During the war years, Charles busied himself assisting Herr Budina at Kilmacurragh and trying his hand at a variety of ventures such as growing prize-winning apples, attempting to sell the Encyclopedia Britannica and managing a haymaking equipment company. Eventually the composer Joseph Groocock recommended him to Jack White, then Features Editor at The Irish Times as a potential music critic for the paper. In 1955 he succeeded composer Archie (AJ) Potter as the paper’s foremost music critic, a position he retained until his retirement over thirty years later. He was a famously cantankerous and difficult man, exacting sky-scraping standards from all performers. Those who knew him spoke kindly and but he himself was generous in his praise when, in his opinion, brilliance was attained. He persistently campaigned for more funding for the music industry in Ireland, particularly in pursuit of a proper concert hall for Dublin.
On 6 March 1951 he married Carol Little, LRAM, daughter of Francis Thompson Little, JP, of Clabby, Co. Fermanagh. She was a violin and piano teacher at the Royal Irish Academy of Music. As Carol Acton, she was also to become a distinguished music critic and journalist.
Charles was Governor of the Royal Irish Academy of Music from 1954, being made a Fellow in 1990 and becoming Vice President in 1998. As a member of the Council of the Music Association of Ireland, he was instrumental in assisting Aloys Fleischmann to get Radio Eireann to establish a quartet in Cork. This was the first resident quartet of any broadcasting station in the world. He was awarded the inaugural Sean O’ Boyle Award in 1980 for his services to Irish music which included more than 6000 reviews, articles and interviews. In 1988, he wrote a pioneering monograph on Irish pianists for the programme of the first GPA Dublin International Piano Competition.
A selection of his reviews, “Acton’s Music”, edited by Gareth Cox, was published in 1996. In the forward to the anthology, Dr John O’Conor FRIAM summed up Charles’s aims and achievements by writing:
“Of course, he could be infuriating and perplexing at times, but there is nobody who can match his experience, enthusiasm, compassion and exuberance.”
Charles Acton died aged 84 on 22 April 1999. Curiously for a man devoted to classical music all his life, Lyric FM, Ireland’s first classically driven radio station, was launched just ten days later. Kevin Myers noted the coincidence in a tribute to Charles Acton that appeared in The Irishman’s Diary shortly afterwards.
“Charles was a deeply emotional man … and was not shy about his deep and passionate affections, the greatest of which was for his wife, his companion, his friend, and his love, Carol. Charles & Carol. A single and singular singularity. May God guard her in these days and hours and the darker watches of the night. But nearly as much as he loved Carol, he loved music. He wept with joy or with sadness when music moved his soul. He could so easily be sent into great raptures by artistic beauty; and at the end of a concert his large form could often be seen overflowing in its seat, as he mopped the tears from his large round cheeks with an even larger white handkerchief. He was a perpetual little boy with all the expansive exuberance, mischievous joy and simple, unvarnished emotions of such a creature”.
With thanks to Seamus O’Brien, Megan O’Beirne, Fionnuala Dunne, Hilary Hamilton, Bryan Harty, William Acton and David Parsons.
[ia] Notes and Queries, Page 248, Published 1857. The only known Edward Actons of the English branch living at that time was Sir Edward Acton, 1st Baronet. However, it is unlikely that Sir Edward was Thomas’ father as he had a known son called Thomas who lived at Gatacre Park, Bridgnorth, Shropshire.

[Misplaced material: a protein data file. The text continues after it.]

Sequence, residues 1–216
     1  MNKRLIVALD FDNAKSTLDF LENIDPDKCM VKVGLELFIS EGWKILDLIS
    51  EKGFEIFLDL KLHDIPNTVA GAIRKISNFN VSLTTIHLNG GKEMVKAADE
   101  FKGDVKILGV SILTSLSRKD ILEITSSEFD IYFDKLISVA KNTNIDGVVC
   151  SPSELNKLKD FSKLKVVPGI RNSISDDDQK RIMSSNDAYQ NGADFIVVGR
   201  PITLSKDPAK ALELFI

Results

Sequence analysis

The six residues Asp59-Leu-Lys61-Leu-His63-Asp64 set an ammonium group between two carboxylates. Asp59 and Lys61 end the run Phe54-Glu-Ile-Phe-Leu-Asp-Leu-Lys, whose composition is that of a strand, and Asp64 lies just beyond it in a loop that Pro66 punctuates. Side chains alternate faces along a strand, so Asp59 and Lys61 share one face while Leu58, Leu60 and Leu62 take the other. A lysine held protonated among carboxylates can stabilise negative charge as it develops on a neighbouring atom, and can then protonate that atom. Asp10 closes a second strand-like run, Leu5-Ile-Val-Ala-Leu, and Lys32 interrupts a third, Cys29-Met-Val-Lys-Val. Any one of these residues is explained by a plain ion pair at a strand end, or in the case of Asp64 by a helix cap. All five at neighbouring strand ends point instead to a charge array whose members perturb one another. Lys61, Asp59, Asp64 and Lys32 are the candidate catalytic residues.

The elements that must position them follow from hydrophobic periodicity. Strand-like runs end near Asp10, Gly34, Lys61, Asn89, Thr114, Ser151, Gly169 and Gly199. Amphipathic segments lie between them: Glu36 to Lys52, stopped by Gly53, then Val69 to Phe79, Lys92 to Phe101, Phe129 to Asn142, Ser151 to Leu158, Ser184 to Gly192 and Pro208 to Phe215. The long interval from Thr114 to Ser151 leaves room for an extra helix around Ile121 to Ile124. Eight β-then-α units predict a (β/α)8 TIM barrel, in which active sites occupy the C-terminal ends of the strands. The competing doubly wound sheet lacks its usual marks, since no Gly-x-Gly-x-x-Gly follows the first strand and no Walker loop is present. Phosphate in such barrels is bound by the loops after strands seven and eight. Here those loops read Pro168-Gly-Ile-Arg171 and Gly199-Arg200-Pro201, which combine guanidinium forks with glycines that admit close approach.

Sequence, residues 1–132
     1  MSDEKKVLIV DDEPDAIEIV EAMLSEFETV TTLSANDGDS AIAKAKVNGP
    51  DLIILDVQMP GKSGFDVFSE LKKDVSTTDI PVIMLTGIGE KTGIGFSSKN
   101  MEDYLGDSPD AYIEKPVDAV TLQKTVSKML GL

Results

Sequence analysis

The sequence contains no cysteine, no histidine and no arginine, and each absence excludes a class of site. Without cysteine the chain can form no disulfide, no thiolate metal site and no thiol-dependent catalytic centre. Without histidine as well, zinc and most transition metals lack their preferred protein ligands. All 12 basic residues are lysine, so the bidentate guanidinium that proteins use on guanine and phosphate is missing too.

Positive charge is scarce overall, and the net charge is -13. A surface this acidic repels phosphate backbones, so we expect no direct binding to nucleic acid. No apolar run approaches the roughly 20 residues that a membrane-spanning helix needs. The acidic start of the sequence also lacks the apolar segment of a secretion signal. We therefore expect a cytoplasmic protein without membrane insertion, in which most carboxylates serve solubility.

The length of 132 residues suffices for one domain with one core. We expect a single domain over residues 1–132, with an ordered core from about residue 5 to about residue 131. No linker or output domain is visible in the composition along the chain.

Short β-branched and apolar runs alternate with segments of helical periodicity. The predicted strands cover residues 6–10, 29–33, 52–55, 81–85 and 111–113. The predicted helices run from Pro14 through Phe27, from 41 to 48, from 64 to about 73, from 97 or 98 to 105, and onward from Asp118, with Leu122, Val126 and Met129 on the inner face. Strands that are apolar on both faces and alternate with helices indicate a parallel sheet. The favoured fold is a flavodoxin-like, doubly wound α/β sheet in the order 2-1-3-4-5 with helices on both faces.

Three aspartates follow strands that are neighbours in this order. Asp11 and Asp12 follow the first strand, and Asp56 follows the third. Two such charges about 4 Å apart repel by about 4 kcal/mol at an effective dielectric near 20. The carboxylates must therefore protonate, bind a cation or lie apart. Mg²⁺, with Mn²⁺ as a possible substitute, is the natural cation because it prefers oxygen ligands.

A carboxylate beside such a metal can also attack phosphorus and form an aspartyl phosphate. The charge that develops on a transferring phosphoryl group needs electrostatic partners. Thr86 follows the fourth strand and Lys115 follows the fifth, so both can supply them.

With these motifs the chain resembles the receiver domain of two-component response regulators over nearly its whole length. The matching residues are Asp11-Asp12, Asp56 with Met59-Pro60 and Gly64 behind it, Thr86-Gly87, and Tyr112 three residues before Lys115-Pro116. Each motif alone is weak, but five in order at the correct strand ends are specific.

[ib] On 6th July 1800, Anne Maria married Major George Warburton, Inspector General of the Royal Irish Constabulary for Aughrim, Co. Galway. Her sister Jane married George Mears John Drought of the Whigsboro clan who lived at Glencarrig, Co. Wicklow.
[ii] The eldest daughter Margaret was married in December 1851 to Henry Lambert Bayly, HEICS, second son of the Rev. Henry Lambert Bayly of Ballyarthur and a kinsman of the Earl of Anglesey. She died in 1899, leaving issue. The younger daughter Anna Sophia, was married I 1861 to her first cousin Captain George Warburton Drought, JP, Yorkshire Light Infantry, of Cargins, Co. Roscommon. He was the youngest son of George Meares Drought of Glencarrig, Co. Wicklow. He died in 1880 and she in September 1911.
[iii] Colonel Hampden Acton of Pau, France. The Reverend Thomas Acton’s eldest son Hampden was born in the spring of 1822. He served as a Colonel with the Madras Staff Corps and, in January 1868, married Lucy Ussher. She was the widow of Henry Davis of Waterford and younger daughter of William Jackson Greer, JP, of Rhone Hill, Co. Tyrone. Shortly after their wedding, Hampden and Lucy moved to the Pyrenees south west France and settled at Chalet Lucia in Pau with their three sons and daughter Margaret. Their firstborn son Hampden died aged 18 in February 1888. When Colonel Acton passed away six years later, his eldest surviving son, 26-year-old Fitzmaurice, succeeded him. Captain Fitzmaurice Aston later served as Naval Attaché to Paris between 1915 and 1917 and to Tokyo from 1918 until his premature death two years later. He was made CMG in 1918 and the Order of the Rising Sun, as well as being made an Officer of the Legion of Honour. In May 1910 he married Ruby Crabtree, widow of Lieutenant Percy Crabtree, RN, and daughter of James Stevenson of Palace Gate, London. Their only child, Hampden Anthony Greer Acton, was born in 1913 and educated at Eton and Magdalene College, Cambridge. In November 1949, he married Rosemary Charlton, youngest daughter of Admiral Sir Edward Francis Benedict Charlton of Hesleyside, KCB, KCMG. Their son Peter Hampden Acton was born on 23rd March 1952.